Jane Gentry: A couple things. One is you need to know the beast you're dealing with. In some of these enormous companies where they have the leverage, it's going to be really hard to negotiate a discount.

The best thing that you can do in a scenario like that ... and you should be doing this in all negotiating scenarios, but with big companies, it's even more important. Negotiating starts at the very first discovery conversation. If you're not asking if questions, if you're not asking hard questions, if you're not really understanding the business case, the value that you bring to a client, why it benefits them financially or in some other way of working with you, then you have no opportunity to even have a conversation to get you out of discounting, right?

All of that preparation has to happen. And with a big company, I think you should assume from day one that they're going to want to try to get you to come down off of the price. So part of your preparedness also needs to be, "What's our plan B? What's our plan C? What's our plan D? What are the things that we can move big on? What are the things that we can't move a lot on? What are the things that the customer could do as part of the engagement that we could save them money if they did it instead of us?" 

That was the example that I gave you about a big company here in Atlanta. All of that preparation is what sets us up to not have to discount.

Carole Mahoney: Right. And as well as one of the last things that I think that was an important takeaway from the Sales Lab that you shared was when we started talking about those cultures where if you're not negotiating either in price, or in terms, or scope or something along those lines, then you're actually kind of seen as a fool for not doing so...

Jane Gentry: Yeah. That makes a big difference, right? Americans come into negotiating with a lot of fear and anxiety. There's some kind of weird emotion around money and the money conversation. I treat the money conversation like any other objective that my client has to meet, because money is always a part of what they have to deal with. They have to meet a certain budget. They have to show a certain amount of savings. Whatever it is, there is always an objective that they have around money. So I hit it up front with no emotion in the very first discovery conversation.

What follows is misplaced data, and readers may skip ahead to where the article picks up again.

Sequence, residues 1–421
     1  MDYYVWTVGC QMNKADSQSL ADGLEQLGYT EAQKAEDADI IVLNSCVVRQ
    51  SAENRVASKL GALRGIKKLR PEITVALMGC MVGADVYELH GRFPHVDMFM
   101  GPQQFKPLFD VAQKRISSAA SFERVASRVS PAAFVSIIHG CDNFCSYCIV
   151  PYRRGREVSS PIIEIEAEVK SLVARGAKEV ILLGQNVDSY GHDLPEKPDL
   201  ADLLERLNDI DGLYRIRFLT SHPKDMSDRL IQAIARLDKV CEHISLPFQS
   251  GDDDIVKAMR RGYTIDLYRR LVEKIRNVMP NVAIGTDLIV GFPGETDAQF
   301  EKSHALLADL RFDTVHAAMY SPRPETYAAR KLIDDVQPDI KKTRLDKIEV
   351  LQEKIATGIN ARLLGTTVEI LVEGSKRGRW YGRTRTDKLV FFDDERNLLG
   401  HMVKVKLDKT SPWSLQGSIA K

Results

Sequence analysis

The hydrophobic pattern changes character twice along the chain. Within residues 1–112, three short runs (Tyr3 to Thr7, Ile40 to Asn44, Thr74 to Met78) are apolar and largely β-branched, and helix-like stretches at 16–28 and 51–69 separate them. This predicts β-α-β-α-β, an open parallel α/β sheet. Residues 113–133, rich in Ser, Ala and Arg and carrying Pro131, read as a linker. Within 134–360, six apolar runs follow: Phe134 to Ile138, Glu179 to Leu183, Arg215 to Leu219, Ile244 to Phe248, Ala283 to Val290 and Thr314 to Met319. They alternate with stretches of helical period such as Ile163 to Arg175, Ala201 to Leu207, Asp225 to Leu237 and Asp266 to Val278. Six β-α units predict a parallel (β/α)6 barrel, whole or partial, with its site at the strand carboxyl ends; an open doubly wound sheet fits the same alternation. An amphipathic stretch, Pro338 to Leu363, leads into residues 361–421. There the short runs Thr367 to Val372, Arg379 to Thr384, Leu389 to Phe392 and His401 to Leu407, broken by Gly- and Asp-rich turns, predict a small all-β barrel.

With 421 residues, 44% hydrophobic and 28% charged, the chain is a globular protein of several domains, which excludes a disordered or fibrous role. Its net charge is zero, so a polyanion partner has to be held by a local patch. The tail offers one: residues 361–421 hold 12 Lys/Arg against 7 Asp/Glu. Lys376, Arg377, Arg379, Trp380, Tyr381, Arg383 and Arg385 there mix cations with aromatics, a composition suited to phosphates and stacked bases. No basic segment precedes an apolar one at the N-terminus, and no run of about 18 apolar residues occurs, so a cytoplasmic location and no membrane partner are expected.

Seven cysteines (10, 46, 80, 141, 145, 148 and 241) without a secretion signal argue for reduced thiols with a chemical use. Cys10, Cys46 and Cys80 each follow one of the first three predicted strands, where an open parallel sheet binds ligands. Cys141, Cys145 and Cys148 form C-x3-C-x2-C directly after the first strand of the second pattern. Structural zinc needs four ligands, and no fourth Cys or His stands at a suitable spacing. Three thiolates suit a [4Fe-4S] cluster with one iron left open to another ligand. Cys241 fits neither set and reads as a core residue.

In those other cultures, yeah, they just ... they're very pragmatic about the fact that negotiating is part of the sales process. So they don't come at it with all of this squirreliness and emotion attached to the conversation about money. So they're probably very prepared for that conversation. I think we're foolish to not be prepared for it in every scenario, in other cultures and in our own.

Carole Mahoney: It's a totally different mindset. Like you said, for them, it's very pragmatic, whereas for Americans, we tend to have fear and anxiety around it. I shared in the Lab a study that was done that showed 44% of Americans would rather talk about sex, religion and politics, over money, and that's the number one cause of divorce. So clearly, as Americans, it's in our culture to have issues with that.

Jane Gentry: Well, and add a seller who's not meeting quota, add that kind of a anxiety to it, and you just have a big disaster. We're giving away stuff we shouldn't be giving away.

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Topics: sales coaching, salespeople, #livesaleslab